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Marine-accessible camping

Backcountry camping is allowed, but limited facilities are provided. Anchorage is poor when there is a Southeaster, Westerly or a “small craft advisory.” Monitor the Coast Guard radio weather channel, listening for the Merry Island Light station report. Beware of local daily winds picking up in the Inlet.

There are three areas to camp:

TuwanekThis area is generally used as a day-use area as it is the closest to the community of Tuwanek. It has one wooden tent pad, plus three other hard packed ground camping areas. It has a pit toilet. A stream runs through the campsite area, however as the summer progresses it can become intermittent. Bring your own water. There is a “boil water advisory.” Beach is gravel, with barnacle covered rocks. Water is relatively warm to swim in.
Oyster BeachIs a small camping area two to three sites of hard packed gravel. The beach is gravel with barnacle covered rocks. It has a pit toilet and a group fire ring. Firewood is not provided. Water is not available at this site. 
Nine Mile PointIs the largest of the three marine sites, and can be easily reached in a day. It has two group fire rings. Firewood is not provided. It has one pit toilet. Water is available, however there is a “boil water advisory.” The beach is gravel with barnacle covered rocks. This is an excellent site to watch the sunset.
Vehicle-accessible camping

This park offers vehicle-accessible campsites on a first come, first served basis. Campsite reservations are not accepted. These sites can only be accessed by four-wheel drive vehicles and available on a year-round basis.

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Campfires are permitted. Fires must be kept to fire-rings if provided, or below the high tide line on the beach. While campfires are allowed and campfire rings are provided at each campsite, we encourage visitors to conserve wood and protect the environment by minimizing the use of fire and using campstoves instead. Campfire bans may be implemented.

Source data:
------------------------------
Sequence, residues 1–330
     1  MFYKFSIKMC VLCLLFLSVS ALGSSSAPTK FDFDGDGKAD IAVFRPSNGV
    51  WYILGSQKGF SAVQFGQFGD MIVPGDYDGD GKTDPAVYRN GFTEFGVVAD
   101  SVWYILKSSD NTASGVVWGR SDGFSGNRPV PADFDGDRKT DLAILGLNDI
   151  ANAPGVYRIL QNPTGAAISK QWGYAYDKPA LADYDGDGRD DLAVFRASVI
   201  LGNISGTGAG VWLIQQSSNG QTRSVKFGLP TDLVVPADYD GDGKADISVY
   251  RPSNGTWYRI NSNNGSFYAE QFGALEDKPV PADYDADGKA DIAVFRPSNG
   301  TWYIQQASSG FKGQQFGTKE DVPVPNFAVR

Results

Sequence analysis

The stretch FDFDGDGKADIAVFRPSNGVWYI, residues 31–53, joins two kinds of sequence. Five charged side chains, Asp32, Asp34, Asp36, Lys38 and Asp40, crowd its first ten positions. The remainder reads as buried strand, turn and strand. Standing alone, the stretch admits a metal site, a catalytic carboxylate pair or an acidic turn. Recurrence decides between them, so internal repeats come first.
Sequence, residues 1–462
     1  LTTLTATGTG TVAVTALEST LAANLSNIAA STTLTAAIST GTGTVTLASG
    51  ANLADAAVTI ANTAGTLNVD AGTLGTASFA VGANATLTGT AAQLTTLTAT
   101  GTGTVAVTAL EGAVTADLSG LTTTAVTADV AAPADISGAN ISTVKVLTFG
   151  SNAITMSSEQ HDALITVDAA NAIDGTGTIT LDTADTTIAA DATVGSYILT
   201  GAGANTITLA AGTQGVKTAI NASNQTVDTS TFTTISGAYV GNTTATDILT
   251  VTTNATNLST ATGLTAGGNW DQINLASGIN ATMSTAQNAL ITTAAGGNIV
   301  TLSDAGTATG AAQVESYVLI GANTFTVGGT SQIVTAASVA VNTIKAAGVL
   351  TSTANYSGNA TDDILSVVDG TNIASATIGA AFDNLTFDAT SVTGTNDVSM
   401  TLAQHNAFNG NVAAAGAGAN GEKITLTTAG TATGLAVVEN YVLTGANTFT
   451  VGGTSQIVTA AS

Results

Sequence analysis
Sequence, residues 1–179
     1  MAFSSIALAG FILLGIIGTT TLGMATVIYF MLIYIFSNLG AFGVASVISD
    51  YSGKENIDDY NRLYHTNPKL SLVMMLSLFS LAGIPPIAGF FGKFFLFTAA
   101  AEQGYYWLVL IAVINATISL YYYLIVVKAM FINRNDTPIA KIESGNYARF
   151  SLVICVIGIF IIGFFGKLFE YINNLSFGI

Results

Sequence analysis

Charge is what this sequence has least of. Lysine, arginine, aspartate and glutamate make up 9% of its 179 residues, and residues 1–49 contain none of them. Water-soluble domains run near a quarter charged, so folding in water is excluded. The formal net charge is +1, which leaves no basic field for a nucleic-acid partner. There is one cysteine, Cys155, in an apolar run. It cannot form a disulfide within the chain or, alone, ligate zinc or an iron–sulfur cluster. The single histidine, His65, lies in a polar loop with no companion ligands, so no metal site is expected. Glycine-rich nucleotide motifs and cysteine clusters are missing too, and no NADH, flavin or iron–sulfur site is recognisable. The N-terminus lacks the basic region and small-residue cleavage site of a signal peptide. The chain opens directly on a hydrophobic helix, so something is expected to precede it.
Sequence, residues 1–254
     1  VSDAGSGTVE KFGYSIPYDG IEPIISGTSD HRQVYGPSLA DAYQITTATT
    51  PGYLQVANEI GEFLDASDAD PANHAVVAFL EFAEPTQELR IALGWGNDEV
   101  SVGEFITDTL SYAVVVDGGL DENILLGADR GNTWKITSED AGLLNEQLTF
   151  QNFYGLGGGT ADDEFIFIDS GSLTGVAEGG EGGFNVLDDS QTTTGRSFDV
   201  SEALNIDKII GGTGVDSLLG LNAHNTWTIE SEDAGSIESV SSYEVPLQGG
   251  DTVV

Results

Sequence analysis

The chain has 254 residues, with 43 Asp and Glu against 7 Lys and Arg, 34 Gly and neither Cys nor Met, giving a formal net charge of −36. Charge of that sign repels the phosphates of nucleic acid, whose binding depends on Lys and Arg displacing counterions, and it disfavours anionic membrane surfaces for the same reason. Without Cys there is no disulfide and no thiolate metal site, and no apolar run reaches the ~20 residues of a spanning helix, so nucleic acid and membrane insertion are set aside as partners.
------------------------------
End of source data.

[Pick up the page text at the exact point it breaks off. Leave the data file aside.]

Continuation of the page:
To preserve vegetation and ground cover, please don’t gather firewood from the area around your campsite or elsewhere in the park (this is a ticketable offence under the Park Act). Dead wood is an important habitat element for many plants and animals and it adds organic matter to the soil.

Pit or flush toilets

This park has pit toilets, no flush toilets.

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For the Mount Richardson west side trail follow the driving directions as far as the “west road,” then, about 800 metres after this junction, an old grown-in logging road off to the left leads in the direction of the peak. This road ends in a forest plantation and from there it is a bush whack to the ridge leading to the summit. You can also reach the summit from the lake by bush wacking through the timber to the summit.

For your own safety and the preservation of the park, obey posted signs and keep to designated trails. Shortcutting trails destroys plant life and soil structure.

There are no lifeguards on duty at provincial parks.

There are opportunities for canoeing or kayaking in this park. There are rentals available in Tillicum Bay and Sechelt.
Charts of the area are #3512 Strait of Georgia Central Portion and #3514 Jervis Inlet including Sechelt Rapids.

The Topographic Map for this area is Sechelt Inlet 92G12.


Anyone fishing or angling in British Columbia must have an appropriate licence.

Pets on leash

Pets and domestic animals must be on a leash at all times and are not allowed in beach areas or park buildings. You are responsible for their behaviour and must dispose of their excrement. Backcountry areas are not suitable for dogs or other pets due to wildlife issues and the potential for problems with bears.

Scuba diving

There are scuba diving and snorkelling opportunities in this park. Rentals are available in Sechelt.


Hunting is permitted only during lawful game hunting season. Check the BC Hunting & Trapping Regulations Synopsis for regulations.